Sustainable finance: short-termism, climate crisis and the need for a transition
Our current climate crisis is often seen as one of human greed run amok. Many are rightly indignant at the oil majors, automotive and utility companies that have continued to favour safe profits over decisive action, and who have actively lobbied to sow doubt and block legislation. These have become the familiar antagonists of the climate movement. Yet it’s also becoming increasingly evident that climate change poses a threat to the economy as a whole. This suggests a different perspective – that however we got into this mess, it’s now a problem for all of us to solve, together. In the face of planetary crisis, it’s impossible to work on the basis of opposing sides. The question then becomes, how to get the economic system onside?
The scale of the risk is clear. If business were to continue as usual, with no immediate action to mitigate the effect of climate change we face at least a 50% risk of exceeding 5°C global average temperature change in the coming decades. Given that we are currently only around 5°C warmer than in the last ice age, climate change is banishing us, or better, we are banishing ourselves to completely unchartered territories. It is beyond a doubt that these changes would irreversibly transform the physical geography of the world, but perhaps more importantly for some, this self-imposed exile would fundamentally upend our economic system.
The Cambridge University Institute for Sustainability Leadership has been working to studiously model the risk climate change poses to the economy as a whole. In their Unhedgeable Risk Report they model three scenarios, one where we pursue growth without consideration for the economy, one where we step up our existing climate commitments progressively over time, and one where we actually do enough to meet a 2 degree target.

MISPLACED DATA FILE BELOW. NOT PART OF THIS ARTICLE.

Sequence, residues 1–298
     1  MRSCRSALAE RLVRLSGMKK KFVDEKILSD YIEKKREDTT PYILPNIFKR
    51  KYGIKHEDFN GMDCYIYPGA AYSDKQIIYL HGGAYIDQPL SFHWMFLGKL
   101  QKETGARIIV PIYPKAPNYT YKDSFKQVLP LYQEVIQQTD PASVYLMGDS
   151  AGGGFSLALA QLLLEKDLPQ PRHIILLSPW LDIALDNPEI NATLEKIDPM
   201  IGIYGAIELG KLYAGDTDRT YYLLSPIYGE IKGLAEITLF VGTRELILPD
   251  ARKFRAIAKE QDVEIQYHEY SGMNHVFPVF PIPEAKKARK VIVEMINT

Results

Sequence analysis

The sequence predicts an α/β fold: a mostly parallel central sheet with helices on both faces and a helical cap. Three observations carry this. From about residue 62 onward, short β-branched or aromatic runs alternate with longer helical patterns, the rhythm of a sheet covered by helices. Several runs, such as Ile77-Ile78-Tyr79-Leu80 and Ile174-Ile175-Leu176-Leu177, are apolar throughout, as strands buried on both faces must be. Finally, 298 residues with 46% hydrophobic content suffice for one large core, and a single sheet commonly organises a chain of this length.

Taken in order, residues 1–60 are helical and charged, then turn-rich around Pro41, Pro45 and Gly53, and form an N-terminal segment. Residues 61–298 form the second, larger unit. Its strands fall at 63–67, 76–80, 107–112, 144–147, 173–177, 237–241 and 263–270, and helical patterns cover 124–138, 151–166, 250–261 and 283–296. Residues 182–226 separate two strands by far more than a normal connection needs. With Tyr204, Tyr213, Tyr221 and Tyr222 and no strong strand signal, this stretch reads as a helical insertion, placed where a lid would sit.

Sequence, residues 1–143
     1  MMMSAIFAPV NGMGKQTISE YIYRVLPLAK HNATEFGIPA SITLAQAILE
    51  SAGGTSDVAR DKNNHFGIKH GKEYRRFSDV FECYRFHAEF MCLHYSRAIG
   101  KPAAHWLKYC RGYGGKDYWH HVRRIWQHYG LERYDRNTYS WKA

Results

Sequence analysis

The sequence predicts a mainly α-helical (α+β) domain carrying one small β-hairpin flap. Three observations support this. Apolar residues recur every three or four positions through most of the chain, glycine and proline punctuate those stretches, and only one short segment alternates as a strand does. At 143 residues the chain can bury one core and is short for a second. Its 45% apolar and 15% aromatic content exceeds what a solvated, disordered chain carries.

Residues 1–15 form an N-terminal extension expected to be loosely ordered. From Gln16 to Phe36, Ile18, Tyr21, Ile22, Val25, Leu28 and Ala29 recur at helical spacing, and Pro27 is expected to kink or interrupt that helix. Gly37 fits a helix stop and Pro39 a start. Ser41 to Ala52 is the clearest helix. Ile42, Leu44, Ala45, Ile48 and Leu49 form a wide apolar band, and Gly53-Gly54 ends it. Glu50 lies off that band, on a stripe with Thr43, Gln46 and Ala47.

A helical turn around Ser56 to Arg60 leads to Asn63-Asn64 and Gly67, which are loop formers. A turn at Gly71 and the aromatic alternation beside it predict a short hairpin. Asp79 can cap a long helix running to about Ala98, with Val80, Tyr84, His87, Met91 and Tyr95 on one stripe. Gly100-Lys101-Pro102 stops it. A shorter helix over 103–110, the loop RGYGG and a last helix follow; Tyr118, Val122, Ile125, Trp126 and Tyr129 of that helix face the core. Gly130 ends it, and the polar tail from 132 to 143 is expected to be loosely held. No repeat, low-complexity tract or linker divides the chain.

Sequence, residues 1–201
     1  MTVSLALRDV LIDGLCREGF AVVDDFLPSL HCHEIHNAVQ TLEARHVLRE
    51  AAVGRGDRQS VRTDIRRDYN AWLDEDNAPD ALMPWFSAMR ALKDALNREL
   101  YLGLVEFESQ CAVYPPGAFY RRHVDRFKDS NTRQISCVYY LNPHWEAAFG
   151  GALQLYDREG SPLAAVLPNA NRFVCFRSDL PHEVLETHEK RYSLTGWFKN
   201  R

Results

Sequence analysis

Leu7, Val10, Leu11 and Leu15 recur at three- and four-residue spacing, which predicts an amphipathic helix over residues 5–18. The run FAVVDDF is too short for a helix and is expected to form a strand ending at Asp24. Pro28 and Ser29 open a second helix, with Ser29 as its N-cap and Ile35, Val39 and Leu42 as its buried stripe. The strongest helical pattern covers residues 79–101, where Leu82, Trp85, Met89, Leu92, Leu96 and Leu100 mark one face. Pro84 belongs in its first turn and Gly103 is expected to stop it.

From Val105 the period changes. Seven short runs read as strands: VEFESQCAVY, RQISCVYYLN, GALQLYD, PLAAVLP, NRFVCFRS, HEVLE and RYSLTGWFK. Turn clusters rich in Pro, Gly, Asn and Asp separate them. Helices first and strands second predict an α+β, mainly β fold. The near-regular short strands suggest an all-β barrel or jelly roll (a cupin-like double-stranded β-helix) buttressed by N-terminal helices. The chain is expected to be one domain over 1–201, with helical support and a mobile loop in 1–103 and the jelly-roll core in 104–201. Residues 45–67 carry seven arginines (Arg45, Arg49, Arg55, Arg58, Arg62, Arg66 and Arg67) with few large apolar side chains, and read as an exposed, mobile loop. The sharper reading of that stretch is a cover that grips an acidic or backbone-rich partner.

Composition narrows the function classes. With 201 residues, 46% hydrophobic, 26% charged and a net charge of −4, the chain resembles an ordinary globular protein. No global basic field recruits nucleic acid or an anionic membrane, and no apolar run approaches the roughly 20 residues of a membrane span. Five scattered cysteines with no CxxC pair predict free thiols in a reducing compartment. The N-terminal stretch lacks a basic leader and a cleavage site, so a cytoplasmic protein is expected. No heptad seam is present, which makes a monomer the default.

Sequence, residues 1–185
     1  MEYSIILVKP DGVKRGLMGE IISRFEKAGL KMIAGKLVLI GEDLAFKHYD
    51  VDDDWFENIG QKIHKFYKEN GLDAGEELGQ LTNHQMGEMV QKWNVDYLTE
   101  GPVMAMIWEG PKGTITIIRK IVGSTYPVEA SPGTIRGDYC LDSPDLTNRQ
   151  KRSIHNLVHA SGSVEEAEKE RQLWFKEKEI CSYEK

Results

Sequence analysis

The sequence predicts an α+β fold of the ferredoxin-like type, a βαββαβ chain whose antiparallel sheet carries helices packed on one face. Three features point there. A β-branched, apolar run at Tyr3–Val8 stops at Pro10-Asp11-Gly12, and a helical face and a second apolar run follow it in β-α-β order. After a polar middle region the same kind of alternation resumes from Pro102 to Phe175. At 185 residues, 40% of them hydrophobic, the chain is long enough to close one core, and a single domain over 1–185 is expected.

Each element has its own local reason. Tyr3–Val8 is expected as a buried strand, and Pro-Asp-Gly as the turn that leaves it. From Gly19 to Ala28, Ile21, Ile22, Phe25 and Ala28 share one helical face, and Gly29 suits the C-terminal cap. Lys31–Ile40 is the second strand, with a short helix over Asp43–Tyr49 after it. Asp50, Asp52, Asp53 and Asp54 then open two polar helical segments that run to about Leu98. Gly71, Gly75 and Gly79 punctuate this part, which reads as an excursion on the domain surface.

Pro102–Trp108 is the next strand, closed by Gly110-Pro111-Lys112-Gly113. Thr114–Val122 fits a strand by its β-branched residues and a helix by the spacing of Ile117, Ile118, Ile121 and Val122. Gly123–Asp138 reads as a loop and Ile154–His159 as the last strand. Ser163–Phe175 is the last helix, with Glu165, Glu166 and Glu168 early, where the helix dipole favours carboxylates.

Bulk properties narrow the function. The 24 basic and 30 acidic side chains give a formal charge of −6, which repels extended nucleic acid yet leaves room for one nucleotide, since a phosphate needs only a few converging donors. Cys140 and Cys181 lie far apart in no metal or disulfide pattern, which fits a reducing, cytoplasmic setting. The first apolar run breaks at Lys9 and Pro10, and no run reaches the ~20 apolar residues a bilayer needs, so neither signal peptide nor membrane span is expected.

The warning they deliver is stark: the economic shocks that will result from unchecked climate change will cause ‘substantial losses in financial portfolio value within timescales that are relevant to all investors’. In the scenario where climate policy has stalled, they predict that only half of these losses can be avoided by moving out of risky investments and into safer ones. The other half are simply unavoidable – or in financial terms ‘unhedgeable’. This would cause a global recession, dipping into negative growth for most of a year, and a permanently depressed global growth rate. Meanwhile there would be grave impacts to poverty reduction, as the poorest countries in the world are the most susceptible to the geophysical effects of climate change, and investments in these countries would face particularly acute risks. Avoiding these risks would require radical measures that go beyond the financial system. But if market players face unavoidable losses due to this unhedgeable risk, then there is a purely self-interested incentive to support a socio-economic environment where these systematic changes can take place.
All this means that while it may be true that the geophysical consequences of climate change are likely to occur in the second half of this century, financial markets, macroeconomic trends and the reduction of poverty are likely to suffer much sooner because of the uncertainty regarding the climate crisis on behalf of consumers and investors. This suggests not only that the fate of the economic system is inextricably tied to the climate crisis, but also that there should be an incentive for businesses and investors to get proactive, and deal with these risks before either the physical consequences of climate change, or the uncertainty they will inevitably generate, become real. Here, investors have a particularly important role to play, in providing the signals that can guide the market towards a sustainable future, or deeply astray.
After nearly a decade of stories uncovering the self-serving greed of bankers and investors which triggered the 2008 financial crisis, we might be forgiven for forgetting that financial systems were designed to serve a social purpose. Yet a well-functioning financial system has a role: to provide funds to those ideas and enterprises which it thinks will provide value to others. It is meant to bridge the gap between ideas and execution, by providing the cash businesses need to get going, or to continue on.
Yet our current financial system has drifted far from this core purpose. Trading has become increasingly frenetic, and increasingly ruthless in search of profit. In the mid-20th century 15% of all stocks held by investors would be traded within a year. By 2010, this figure had climbed to 250%. This represents a fundamental shift in our attitude to trading: from one where stocks were bought largely as an investment into a business’ long-term prospects, to one where investments shift rapidly, chasing marginal profit in the fluctuation of share prices, rather than looking for sustainable businesses.